White Shih Tzu
White Shih Tzu – The American Kennel Club (AKC) lists 8 Shih Tzu coat colors as “official” colors. Black, blue, brindle, gold, liver, silver, red and white. There can be slight variations in the hue and markings as well as combinations of colors.
Solid Shih Tzus can be found in black, blue, liver, and white. Double colored Shih Tzus are almost always White paired with another color. Tri-colored Shih Tzus are almost always White paired with two other colors.
Solid white Shih Tzu’s are rare. Both parents must carry the gene for there to even be a hope of a solid white pup. But there’s never any guarantee. The coat alone isn’t the only thing to look for when considering a solid white Shih Tzu.
According to the AKC, you can have a solid white dog, but if the nose is brown then it won’t be considered a solid white, but “liver”. If the nose has a more navy tone then the Shih Tzu will be declared “blue”.
There can be hints of blue on their body regardless of their fur color, but only if the nose presents a blue hue does the dog count as “blue”.
These rules, for AKC registration purposes, make a solid white Shih Tzu even rarer. The colors “blue” and “liver” refer to the dog’s pigmentation rather than fur color. In bright lights, you can notice the tints of their skin through their fur.
Blue and Liver Shih Tzus lack black pigmentation. The places the dog’s pigmentation will be the most obvious is the paw pads, nose, and eye rims.
Though with the right products, mainly white coat-specific shampoo and conditioner, it’s not impossible to keep your solid white Shih Tzu looking pristine. But it is much harder.
The white coat is prone to yellowing and picks up dirt easily. You also have to watch out for tear stains. These are the perfect environment for bacteria to grow and irritate or infect your Shih Tzu’s eyes. They’re harder to see on solid white Shih Tzus, so you need to feel for them and clean them often.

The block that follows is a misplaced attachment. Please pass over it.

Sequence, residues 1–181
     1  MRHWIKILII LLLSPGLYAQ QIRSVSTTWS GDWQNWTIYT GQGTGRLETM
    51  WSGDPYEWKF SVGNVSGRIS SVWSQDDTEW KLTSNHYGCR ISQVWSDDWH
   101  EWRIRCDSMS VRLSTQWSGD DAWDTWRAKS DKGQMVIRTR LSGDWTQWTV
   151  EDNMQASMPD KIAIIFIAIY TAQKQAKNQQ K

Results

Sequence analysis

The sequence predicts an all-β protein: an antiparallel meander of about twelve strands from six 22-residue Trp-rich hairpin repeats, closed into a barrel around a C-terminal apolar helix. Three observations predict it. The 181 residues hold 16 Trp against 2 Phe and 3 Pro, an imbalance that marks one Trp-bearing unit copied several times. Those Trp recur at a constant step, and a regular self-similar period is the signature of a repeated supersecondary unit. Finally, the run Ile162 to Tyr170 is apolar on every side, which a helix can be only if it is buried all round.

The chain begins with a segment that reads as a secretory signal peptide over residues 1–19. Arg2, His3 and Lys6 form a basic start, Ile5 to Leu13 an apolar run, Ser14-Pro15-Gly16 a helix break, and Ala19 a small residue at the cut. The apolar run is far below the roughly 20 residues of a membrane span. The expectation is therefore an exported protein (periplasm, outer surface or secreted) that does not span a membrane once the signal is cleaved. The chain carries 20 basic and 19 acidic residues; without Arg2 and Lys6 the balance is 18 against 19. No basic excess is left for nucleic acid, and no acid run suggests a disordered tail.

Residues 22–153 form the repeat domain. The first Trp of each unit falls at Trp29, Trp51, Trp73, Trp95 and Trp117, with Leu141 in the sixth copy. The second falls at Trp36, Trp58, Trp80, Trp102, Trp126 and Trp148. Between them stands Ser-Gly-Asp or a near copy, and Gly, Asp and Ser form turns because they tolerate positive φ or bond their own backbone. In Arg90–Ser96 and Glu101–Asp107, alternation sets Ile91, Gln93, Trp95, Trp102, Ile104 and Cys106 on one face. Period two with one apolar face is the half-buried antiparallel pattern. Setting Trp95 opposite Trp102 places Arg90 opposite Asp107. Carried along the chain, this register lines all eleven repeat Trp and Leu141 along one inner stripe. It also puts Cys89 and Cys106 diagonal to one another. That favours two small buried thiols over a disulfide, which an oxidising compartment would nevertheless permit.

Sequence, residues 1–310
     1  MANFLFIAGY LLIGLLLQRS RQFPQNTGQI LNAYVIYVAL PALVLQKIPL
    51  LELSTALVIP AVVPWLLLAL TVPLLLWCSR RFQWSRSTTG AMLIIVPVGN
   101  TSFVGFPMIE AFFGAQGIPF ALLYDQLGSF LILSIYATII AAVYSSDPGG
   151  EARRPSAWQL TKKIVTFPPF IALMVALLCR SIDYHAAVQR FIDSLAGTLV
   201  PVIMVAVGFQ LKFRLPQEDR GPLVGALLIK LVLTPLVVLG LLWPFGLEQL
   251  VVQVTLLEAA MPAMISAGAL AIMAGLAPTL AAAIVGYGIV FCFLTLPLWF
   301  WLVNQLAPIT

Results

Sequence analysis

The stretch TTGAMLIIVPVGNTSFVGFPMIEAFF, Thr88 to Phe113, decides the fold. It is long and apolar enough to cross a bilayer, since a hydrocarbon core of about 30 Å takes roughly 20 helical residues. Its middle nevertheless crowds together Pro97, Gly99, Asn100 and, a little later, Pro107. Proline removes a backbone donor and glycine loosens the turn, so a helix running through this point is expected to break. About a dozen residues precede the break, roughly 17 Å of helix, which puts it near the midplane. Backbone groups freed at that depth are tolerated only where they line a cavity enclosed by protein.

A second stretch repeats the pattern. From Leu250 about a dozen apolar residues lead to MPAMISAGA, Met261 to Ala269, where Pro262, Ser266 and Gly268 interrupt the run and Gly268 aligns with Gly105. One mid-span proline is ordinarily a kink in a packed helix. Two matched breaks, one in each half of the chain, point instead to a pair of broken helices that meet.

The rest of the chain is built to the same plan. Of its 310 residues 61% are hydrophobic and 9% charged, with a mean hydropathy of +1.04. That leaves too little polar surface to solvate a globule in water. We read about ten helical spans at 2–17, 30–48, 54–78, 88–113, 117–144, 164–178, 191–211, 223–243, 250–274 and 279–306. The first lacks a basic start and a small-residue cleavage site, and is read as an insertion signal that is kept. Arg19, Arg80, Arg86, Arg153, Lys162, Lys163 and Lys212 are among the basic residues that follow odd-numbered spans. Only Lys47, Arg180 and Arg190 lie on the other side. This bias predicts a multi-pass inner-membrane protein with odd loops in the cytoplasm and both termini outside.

The white coat also doesn’t show off the sheen the way darker shades will. With proper care, attention, and perhaps more than a little effort, you can keep your solid white looking good.
While solid white Shih Tzus are rare, it’s not uncommon to find black and white Shih Tzus. But how can you tell if it’s black with white markings, or white with black markings?
Shih Tzus marked 50% black and 50% white are called “parti-piebald”, while those who have more black coloring than white are called “Irish mark piebald”.
Shih Tzus with mostly white coloring and just a little bit of black are called “extreme piebald”. Piebald refers to the recessive genes that give them their colors and patterns.
Shih Tzus with white bodies and black paws/chest are extremely rare. But patterns continue to change on pups until they reach adulthood.
Regardless of whether or not your Shih Tzu is solid white, liver, blue, or some combination, you shouldn’t focus on appearance alone when choosing your dog. It’s far more important to focus on health, temperament, and personality. Your Shih Tzu could change appearances as they get older.